SERVICE NO: 7340
YEAR OF BIRTH: 1892
PLACE OF BIRTH: Tarnagulla
DATE OF ENLISTMENT: 4 February 1916
PLACE OF ENLISTMENT: Melbourne
AGE AT ENLISTMENT: 24
UNIT: 23rd Battalion (late 7th Battalion, 24th Reinforcement)
EMBARKED: 19 February 1917
TROOP SHIP: HMAT A70 Ballarat
FATE: Died of Wounds – 1 October 1917 – Belgium
Clifford Williams was born at Tarnagulla in 1892 to William Williams and Laura Heyward. William Williams was a teacher at Simpsons Creek. Clifford attended Wesley College in Melbourne from 1906 where he a member of the college senior cadets. While Clifford was at Wesley College, his parents moved to Bacchus Marsh where William Williams was head teacher at the Bacchus Marsh State School. On completion of his studies at Wesley College, Clifford won a scholarship to Zercho’s Business College. He then started work for New Zealand Loans Mercantile Agency Co. Ltd.
Displaying officer potential, on enlistment on 4 February 1916, Clifford was sent to non-commissioned officer school first at Geelong, then Duntroon. By then, he was one of four nephews of Robert Ernest Williams, the commandment of the military forces in Victoria during WW1, to enlist. In April 1916, Clifford’s parents moved to Hamilton with William Williams taking up the role of headmaster of the Hamilton State School. Their home was in French Street. Although qualifying for a commission while at Duntroon, to go overseas, Clifford had to relinquish his stripes and go as a Private. By that time it was 19 February 1917 and Clifford sailed with the 7th Battalion aboard the HMAT A70 Ballarat.
Clifford was promoted to Sergeant for the voyage only. The photo above was taken at Port Melbourne prior to the Ballarat’s departure. Six sergeants are in the photo and six sergeants were on board the Ballarat, so it is likely Clifford was among the group. Once aboard the Ballarat, he and others who had followed the same path from enlistment were tagged the “Duntroon Sergeants”. They were the brunt of much mirth during the voyage and a satirical magazine, the Ballarat Beacon, was published during the voyage with many “shots” fired at the “Duntroon Sergeants”.
The HMAT Ballarat was torpedoed by a submarine on 25 April 1917 in the English Channel and once safe, Clifford wrote a letter home to his parents about the incident. It was published in The Bacchus Marsh Express of 14 July 1917. You can read the full letter here.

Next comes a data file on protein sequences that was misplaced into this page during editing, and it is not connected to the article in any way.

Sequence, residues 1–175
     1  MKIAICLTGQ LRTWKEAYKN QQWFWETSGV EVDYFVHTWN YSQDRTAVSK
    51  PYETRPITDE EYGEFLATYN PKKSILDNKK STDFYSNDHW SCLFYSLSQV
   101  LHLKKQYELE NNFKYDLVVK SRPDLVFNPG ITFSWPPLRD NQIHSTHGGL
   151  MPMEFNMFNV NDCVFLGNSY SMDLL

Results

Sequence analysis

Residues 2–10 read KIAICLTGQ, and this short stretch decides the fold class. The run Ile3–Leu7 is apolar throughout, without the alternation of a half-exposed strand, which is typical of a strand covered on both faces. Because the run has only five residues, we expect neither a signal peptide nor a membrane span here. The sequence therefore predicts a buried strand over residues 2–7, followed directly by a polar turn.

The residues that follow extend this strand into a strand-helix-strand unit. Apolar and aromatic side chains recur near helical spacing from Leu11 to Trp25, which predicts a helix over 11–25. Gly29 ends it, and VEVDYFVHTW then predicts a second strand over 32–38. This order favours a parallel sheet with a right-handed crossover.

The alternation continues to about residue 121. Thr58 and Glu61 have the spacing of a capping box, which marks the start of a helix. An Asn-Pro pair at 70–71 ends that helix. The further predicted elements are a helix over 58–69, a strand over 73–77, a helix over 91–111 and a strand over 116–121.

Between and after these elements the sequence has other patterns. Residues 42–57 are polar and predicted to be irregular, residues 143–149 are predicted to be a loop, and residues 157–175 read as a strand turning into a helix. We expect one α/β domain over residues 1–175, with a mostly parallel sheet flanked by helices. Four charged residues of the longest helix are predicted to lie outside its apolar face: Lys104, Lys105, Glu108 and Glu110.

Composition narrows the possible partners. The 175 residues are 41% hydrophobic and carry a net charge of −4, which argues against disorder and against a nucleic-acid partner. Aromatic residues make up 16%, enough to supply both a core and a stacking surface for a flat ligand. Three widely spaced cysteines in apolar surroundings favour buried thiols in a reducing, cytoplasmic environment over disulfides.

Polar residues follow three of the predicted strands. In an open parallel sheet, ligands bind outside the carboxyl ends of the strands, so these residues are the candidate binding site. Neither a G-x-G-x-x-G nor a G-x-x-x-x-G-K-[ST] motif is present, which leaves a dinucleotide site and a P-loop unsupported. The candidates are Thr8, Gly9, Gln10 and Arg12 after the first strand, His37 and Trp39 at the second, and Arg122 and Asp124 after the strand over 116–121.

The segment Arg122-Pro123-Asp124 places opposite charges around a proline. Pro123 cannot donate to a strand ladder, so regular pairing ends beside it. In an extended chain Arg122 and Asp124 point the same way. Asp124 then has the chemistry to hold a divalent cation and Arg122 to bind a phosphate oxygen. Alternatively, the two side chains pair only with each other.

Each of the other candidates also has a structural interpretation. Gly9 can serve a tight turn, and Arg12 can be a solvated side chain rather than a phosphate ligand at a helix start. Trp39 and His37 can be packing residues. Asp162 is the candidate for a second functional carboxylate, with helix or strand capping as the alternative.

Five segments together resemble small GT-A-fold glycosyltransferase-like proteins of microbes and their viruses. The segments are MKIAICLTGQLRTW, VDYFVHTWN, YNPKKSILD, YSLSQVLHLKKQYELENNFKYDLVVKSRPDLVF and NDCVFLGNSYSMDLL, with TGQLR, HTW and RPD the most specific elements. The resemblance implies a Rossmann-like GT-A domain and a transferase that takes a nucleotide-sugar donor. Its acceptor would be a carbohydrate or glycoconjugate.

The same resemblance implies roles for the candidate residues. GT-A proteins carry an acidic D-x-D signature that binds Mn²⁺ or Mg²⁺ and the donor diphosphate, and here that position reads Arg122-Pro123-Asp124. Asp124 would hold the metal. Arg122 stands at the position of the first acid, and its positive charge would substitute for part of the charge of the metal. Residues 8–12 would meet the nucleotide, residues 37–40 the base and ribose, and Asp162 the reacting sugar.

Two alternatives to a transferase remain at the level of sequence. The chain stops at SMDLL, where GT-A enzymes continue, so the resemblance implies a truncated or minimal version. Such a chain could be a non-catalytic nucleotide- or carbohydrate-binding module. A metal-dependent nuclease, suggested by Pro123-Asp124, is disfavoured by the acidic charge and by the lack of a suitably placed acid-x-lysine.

After making it to shore at Plymouth, the 7th Battalion was fed and given a bed for the night before setting off for Salisbury the following day. There, Clifford was given the opportunity to stay in England with a nomination for a military cadetship at Oxford. But Clifford was keen to go ahead to France and he arrived on 31 August 1917. He left for the field to join the 23rd Battalion, arriving on 8 September near Arques, France. On 13 September, the 23rd Battalion moved across the border to Belgium.
On 20 September, the 23rd Battalion was part of the attack on Menin Road. It was in the days after, on 27 September, Clifford wrote home to his parents. He told them he had spent the previous four nights without sleep and he had the task of writing to the mother of one of the men from his battalion killed during the recent battle. While writing, Clifford said the sun was shining and the boys were playing cricket to the accompaniment of big guns booming in the distance. He said he would be back at the front line again in a few days.
Clifford was right. On 1 October 1917, he was in a front line trench at Broodseinde Ridge. A shell hit the trench, wounding and burying Clifford. He was dug out but was found to have severe stomach wounds. Clifford was stretchered to the dressing station but died on the way and was buried nearby. A makeshift cross was placed on his grave. He had been in the field with the 23rd Battalion for only a month. In the days after William and Laura Williams heard the news of Clifford’s death, they received letters from a cheerful Clifford wrote on 27 September 1917.
Clifford Williams was remembered in Hamilton on the Hamilton War Memorial and with a tree planted along Hamilton’s Anzac Avenue. Also, a tree was planted along the Bacchus Marsh Avenue of Honour for Clifford and his name is on the Bacchus Marsh Church of England and Holy Trinity Honour Board and the Bacchus Marsh Shire Honour Roll.